Primary Nursing Diagnosis

Risk for aspiration related to regurgitation of food, fluid, or secretions that have accumulated in diverticula

OUTCOMES. Knowledge: Treatment procedures; Respiratory status: Ventilation; Neurological status; Nutritional status: Food and fluid intake; Oral health; Self-care: Eating

INTERVENTIONS. Airway suctioning; Surveillance; Respiratory monitoring; Feeding; Positioning

^ PLANNING AND IMPLEMENTATION Collaborative

MEDICAL. When achalasia is implicated, pharmacologic therapy may be the first procedure. Assess the effects of treatments because the drugs may worsen the diverticula by relaxing an already weakened esophageal musculature.

SURGICAL. An esophagomyotomy (incision into the esophageal musculature) and divertic-ulectomy (surgical removal of the diverticulum) may be warranted, particularly for patients with Zenker's diverticulum. A cricopharyngeal myotomy, a procedure in which the surgeon divides the cricopharyngeal muscle, involves cutting the muscle to make it incompetent so that when the individual swallows, the muscle relaxes and allows food to pass through. Postoperative care is determined by the incisional approach. With a cervical approach, a drain is commonly inserted in the neck to diminish edema at the incisional site. A chest incision (thoracic approach) requires care associated with a thoracotomy. Postoperative care is directed at monitoring the patency of the airway, maintaining pulmonary ventilation by chest drainage with chest tubes, monitoring neck drainage with either gravity drainage or low suction, and preventing aspiration.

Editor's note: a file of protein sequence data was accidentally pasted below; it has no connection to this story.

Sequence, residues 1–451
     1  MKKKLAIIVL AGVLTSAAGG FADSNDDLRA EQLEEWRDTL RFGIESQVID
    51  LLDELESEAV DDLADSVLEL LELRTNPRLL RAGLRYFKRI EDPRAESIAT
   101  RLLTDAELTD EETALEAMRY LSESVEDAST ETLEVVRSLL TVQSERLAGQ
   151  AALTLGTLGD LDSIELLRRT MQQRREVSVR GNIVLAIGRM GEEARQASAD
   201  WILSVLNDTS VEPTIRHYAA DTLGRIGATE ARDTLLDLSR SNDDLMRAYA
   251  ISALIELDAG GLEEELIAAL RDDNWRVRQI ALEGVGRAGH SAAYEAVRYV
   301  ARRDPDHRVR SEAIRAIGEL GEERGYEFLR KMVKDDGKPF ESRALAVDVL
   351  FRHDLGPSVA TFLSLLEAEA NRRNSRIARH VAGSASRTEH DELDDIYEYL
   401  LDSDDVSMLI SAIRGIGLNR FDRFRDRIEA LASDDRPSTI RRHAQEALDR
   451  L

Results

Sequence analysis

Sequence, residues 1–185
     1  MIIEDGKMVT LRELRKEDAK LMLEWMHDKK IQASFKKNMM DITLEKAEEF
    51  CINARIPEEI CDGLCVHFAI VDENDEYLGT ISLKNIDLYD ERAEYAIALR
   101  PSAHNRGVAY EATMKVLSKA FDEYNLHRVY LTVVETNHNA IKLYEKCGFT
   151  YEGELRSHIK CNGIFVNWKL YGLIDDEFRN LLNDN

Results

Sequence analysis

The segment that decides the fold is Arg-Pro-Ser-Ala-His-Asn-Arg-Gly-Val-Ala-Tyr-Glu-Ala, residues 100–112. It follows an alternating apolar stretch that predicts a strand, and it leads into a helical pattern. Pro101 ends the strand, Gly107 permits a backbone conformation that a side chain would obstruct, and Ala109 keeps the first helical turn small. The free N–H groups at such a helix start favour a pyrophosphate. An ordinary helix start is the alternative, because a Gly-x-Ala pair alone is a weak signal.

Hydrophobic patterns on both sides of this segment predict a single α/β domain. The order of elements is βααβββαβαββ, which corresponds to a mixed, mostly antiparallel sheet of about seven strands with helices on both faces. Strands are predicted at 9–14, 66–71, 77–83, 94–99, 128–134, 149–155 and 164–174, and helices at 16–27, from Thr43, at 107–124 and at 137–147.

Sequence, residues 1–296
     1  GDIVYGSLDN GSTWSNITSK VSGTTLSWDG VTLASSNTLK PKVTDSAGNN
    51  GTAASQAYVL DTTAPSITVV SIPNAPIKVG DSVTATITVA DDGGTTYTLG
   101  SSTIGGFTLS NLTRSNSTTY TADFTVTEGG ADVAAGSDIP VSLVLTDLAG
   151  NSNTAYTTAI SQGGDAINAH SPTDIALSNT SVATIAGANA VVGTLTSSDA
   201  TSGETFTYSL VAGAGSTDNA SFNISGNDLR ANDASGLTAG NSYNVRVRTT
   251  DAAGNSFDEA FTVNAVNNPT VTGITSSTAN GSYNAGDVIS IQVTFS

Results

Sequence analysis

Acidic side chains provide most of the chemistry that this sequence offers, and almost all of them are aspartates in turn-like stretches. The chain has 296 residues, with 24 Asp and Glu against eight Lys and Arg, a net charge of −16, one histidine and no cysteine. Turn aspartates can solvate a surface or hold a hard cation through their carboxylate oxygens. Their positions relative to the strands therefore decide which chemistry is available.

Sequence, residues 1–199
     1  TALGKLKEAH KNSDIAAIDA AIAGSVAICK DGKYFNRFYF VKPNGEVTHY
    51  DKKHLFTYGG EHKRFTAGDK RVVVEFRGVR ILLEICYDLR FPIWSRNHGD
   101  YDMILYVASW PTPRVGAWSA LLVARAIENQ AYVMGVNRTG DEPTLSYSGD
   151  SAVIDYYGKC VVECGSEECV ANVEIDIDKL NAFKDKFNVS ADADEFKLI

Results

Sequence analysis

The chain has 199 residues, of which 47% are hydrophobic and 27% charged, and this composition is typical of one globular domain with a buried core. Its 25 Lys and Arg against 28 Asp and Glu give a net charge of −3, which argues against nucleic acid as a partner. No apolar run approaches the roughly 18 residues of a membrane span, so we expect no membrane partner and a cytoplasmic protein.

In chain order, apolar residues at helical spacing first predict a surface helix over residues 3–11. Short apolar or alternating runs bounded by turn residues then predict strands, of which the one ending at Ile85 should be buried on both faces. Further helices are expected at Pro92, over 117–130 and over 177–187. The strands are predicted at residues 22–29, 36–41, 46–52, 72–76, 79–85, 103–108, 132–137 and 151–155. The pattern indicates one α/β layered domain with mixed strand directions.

Pharmacologic Highlights

Medication or Drug Class

Dosage

Description

Rationale

Smooth muscle

Varies with drug

Nitrates or calcium-

Relax the cardiac sphincter, preventing

relaxants

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